Classes can be a fantastic opportunity for professional coaches to help more “regular” people and earn more money in the most time-efficient way. Let’s be honest, we love what we do, but we still need to pay the rent!
Classes can be rewarding for all involved, especially when you run them in your own gym and with people who are invested in a plan to move well, get strong, and look awesome. But these tend to be people who are either selected by you, because you hunted them out, or who sought you out for the product or message you embody.
Many young trainers don’t have the benefit of such an advantageous set up. They may be working in a large chain gym and be expected to instruct eight class hours a week as a part of their job or they may have just started out at a studio and taken on freelance group classes to earn extra money. In both scenarios, they may not have the benefit of having any control over who shows up to their classes.
What these trainers need is a class template they can adjust the minute the last person comes through the door (or even mid-class). A template that works regardless of the experience and ability level of class attendees. A proven plan that allows them to stop worrying about “where the class is going next” and allows them to focus on coaching movement and strength. If a class template like that is what you’re after, then keep reading.
Group Exercise Class = You Get What You Get
When I gave up my life as an engineer in search of the “big bucks” teaching fitness I started out teaching group kettlebell classes in various chain gyms around the city. This meant I had no control over who (or how many) walked through the door.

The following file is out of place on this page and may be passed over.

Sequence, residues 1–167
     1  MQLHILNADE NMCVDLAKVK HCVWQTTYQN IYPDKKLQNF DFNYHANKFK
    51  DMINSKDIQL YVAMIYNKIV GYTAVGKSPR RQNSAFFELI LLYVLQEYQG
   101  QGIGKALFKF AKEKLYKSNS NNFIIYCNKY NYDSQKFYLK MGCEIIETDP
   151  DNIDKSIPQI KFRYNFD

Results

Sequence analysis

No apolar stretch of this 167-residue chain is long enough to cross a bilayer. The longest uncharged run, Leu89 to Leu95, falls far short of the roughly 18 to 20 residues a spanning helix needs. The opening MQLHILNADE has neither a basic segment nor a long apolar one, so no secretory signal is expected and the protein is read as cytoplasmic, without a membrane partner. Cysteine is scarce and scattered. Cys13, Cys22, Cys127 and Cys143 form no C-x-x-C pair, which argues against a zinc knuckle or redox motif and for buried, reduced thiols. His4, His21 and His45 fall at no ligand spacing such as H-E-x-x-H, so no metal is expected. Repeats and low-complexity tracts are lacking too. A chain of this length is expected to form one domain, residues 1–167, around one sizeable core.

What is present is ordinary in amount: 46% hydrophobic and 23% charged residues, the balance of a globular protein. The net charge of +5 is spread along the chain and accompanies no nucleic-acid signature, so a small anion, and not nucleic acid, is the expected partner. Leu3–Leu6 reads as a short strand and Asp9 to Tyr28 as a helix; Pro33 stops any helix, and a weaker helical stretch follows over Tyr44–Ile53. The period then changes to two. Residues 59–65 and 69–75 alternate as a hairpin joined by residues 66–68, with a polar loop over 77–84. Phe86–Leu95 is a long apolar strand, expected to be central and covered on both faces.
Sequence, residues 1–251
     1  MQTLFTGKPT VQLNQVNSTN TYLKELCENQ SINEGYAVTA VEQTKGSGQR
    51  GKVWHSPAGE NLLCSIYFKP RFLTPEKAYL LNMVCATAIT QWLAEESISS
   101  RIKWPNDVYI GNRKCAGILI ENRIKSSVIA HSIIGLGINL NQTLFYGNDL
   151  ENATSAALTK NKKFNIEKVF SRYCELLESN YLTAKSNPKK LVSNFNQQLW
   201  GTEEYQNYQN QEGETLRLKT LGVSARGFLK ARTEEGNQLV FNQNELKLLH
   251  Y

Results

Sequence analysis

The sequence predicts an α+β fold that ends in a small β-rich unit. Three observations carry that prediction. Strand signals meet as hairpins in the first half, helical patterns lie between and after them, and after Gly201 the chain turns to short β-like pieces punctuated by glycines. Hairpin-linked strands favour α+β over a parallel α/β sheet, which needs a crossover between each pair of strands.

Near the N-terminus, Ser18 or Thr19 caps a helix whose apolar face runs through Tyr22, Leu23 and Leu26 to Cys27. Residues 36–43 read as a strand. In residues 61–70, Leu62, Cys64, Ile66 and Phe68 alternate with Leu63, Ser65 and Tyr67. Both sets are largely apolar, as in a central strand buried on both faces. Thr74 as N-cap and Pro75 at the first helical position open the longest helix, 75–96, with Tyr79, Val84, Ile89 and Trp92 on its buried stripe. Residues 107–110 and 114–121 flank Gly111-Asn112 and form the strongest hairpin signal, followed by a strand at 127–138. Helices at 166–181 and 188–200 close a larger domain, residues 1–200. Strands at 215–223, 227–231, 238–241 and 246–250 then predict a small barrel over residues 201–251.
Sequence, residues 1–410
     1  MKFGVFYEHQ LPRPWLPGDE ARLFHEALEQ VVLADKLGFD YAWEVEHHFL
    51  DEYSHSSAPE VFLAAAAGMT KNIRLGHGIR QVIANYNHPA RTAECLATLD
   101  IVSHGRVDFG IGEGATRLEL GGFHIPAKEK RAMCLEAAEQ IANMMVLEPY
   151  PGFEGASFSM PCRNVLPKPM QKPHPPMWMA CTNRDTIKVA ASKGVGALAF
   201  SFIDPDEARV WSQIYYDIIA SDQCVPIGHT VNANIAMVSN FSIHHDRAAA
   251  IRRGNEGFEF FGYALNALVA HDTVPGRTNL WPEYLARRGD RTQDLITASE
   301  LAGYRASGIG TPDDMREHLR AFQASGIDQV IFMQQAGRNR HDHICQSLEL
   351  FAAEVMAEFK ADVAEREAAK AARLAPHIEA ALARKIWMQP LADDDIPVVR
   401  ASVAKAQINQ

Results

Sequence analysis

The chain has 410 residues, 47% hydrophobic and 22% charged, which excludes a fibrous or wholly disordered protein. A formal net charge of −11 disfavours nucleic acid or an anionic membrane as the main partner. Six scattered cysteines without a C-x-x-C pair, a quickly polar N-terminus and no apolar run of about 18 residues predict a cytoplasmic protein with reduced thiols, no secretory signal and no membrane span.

Sometimes I had two or three people, other times I had to deal with thirty-plus students and not enough kettlebells. Sometimes I had people who were clearly broken and wouldn’t admit it, and sometimes I had people who didn’t want to be coached. Even though I did not have full control over the class environment, I still had control over my integrity and my refusal to allow poor technique to be executed repeatedly in my presence. (I also refused to structure my class around entertaining people, as I’m not a day-care nurse and this isn’t a kindergarten.)
All this put together meant I needed to have class progressions that I could:
- Pull out of my hat at a moment’s notice
- Change on the fly if something wasn’t working
- Scale down for the unconditioned beginner
- Scale up for the experienced trainee
Plus, the classes needed to stick to my personal philosophy (move well, lift heavy, be awesome) and they had to be fun (if they don’t come back, you don’t get paid!).
Doing the Job You’re Paid For
When leading group classes for a gym, there has to be a degree of swallowing your pride. You are not there to provide a periodized program. You are not there to instill perfect form. You are there to provide thirty to sixty minutes of exercise.
What you can do is to subtly preach the word that “strength is a skill.” Given that, here are my two ironclad rules—the things that are non-negotiable:
- Nobody does anything stupid or dangerous. I used to joke to my classes that we would continue to practice light kettlebell deadlifts as a group until everyone could do it to my satisfaction. The complication with this rule is that you cannot call people out to the front of a (chain gym) group exercise class and fix them, as this is a sure-fire way to get called into the manager’s office. You need to either address any specific issues anonymously to the whole group or surreptitiously coach the individual during a group drill/practice.